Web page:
|Not me, just an example of a toddler nursing. |
Image credit: Amanda Westmont.
People find it very surprising, because this is something not really done.
But in some ways, I think the person who is most surprised sometimes is myself.
Before I had my first child, when I saw people nursing older kids, I was thoroughly weirded out. "Breastfeeding is for babies, not kids," I thought to myself. I had a nephew that nursed until past age 2 and I honestly was uncomfortable seeing him being nursed or even knowing that he was nursed. Something seemed "off" about it in my eyes, and I decided that when I had a kid, I would stop nursing when the kid was old enough to ask verbally to nurse, because that meant he was a kid and no longer a baby. This, already, was going farther than what I grew up with- no one in my immediate family nursed longer than 9 months, so even agreeing to nurse a year or longer was a "big deal" and "super crunchy".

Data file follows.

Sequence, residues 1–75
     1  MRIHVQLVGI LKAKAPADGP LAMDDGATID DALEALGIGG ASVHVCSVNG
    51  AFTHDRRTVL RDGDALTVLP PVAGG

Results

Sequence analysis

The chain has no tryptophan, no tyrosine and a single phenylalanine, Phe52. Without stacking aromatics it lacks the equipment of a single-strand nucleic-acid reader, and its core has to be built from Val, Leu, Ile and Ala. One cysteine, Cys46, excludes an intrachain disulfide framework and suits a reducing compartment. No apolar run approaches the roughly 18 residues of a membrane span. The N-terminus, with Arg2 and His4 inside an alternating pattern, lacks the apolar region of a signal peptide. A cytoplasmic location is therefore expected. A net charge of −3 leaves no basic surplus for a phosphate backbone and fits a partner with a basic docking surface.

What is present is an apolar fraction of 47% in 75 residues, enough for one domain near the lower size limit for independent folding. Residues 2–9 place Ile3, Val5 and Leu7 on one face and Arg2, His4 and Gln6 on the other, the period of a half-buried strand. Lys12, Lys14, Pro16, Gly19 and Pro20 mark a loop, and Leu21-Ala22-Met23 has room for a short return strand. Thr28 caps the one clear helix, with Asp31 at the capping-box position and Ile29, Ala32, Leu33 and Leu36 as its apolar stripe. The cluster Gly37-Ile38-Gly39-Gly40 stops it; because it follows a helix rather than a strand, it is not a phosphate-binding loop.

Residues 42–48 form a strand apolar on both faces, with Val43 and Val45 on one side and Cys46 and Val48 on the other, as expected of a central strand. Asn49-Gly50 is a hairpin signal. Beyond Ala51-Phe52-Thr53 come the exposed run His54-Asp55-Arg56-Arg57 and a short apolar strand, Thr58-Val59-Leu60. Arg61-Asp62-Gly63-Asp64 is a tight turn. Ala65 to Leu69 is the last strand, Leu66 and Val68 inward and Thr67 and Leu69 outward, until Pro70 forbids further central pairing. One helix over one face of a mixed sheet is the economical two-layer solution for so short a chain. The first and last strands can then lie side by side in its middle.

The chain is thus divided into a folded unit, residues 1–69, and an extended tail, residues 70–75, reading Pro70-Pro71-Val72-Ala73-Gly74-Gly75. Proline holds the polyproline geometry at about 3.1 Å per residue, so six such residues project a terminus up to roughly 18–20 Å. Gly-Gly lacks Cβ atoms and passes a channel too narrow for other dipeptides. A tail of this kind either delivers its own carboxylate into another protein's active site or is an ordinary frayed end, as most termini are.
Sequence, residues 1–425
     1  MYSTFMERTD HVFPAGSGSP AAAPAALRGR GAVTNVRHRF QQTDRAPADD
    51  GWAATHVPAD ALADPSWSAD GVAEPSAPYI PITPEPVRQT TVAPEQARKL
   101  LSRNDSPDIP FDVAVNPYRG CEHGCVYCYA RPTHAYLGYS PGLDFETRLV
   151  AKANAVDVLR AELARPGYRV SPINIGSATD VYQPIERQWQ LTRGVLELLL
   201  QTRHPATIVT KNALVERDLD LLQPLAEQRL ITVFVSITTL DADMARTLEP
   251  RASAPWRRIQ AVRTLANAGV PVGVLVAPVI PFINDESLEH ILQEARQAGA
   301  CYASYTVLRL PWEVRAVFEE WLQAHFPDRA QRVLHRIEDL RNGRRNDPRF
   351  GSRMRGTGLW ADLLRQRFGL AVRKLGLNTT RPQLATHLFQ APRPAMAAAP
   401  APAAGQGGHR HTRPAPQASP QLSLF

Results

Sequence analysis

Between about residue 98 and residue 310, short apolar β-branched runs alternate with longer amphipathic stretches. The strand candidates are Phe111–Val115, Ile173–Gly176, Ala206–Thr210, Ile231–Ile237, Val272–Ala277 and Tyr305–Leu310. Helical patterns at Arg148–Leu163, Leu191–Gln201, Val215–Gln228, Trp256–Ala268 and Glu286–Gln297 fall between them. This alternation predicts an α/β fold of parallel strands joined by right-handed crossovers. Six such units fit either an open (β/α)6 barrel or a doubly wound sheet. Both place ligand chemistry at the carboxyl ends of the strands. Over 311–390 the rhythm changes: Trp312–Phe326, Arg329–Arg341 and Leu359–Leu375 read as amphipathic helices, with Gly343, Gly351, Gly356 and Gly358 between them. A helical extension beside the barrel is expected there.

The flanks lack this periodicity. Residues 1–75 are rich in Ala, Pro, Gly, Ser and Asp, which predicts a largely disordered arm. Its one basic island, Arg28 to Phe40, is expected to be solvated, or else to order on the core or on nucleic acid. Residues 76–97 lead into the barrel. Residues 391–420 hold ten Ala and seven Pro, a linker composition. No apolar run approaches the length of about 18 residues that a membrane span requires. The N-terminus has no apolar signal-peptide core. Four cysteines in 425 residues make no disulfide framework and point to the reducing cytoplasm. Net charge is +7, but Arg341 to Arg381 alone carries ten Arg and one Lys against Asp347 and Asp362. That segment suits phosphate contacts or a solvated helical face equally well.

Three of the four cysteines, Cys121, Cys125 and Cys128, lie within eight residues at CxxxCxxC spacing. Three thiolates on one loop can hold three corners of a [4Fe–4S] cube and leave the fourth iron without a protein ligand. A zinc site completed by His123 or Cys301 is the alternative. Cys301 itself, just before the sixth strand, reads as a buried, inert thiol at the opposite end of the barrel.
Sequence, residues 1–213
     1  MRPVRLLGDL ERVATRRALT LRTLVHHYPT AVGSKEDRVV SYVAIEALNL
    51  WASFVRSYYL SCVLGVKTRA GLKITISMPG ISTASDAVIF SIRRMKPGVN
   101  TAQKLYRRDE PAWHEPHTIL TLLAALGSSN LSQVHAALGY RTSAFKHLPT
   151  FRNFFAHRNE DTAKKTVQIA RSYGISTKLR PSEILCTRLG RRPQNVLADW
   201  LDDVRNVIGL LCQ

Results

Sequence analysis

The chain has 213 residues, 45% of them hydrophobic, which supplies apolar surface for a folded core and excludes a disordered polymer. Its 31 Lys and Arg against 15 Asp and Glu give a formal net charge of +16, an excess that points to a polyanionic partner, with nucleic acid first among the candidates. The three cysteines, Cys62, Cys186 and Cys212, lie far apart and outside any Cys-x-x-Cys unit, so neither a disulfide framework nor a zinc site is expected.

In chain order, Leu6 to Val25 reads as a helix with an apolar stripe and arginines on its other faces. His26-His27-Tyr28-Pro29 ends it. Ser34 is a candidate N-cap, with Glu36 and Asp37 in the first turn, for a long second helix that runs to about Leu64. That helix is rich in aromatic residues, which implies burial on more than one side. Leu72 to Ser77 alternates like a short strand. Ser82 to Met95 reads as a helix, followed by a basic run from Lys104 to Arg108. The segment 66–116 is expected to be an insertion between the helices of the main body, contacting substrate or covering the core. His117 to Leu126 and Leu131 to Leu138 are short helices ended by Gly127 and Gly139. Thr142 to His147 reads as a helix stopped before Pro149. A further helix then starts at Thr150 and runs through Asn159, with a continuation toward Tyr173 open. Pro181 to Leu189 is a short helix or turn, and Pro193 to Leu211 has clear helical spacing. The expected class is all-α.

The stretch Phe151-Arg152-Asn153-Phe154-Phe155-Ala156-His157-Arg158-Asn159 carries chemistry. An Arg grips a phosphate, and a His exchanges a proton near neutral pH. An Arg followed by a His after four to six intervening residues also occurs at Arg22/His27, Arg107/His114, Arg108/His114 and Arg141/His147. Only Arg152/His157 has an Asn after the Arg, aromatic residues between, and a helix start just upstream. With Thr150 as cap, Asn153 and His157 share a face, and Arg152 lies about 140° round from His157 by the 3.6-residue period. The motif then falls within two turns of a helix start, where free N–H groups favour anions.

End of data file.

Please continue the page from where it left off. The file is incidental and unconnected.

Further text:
It was a happy medium for me- because I had read about the health and emotional benefits of "extended nursing", and in my mind, nursing past the first birthday was doing more than what I was used to, but didn't get me into the realm of "creepy parent who doesn't know when to say enough is enough, even when it is no longer appropriate."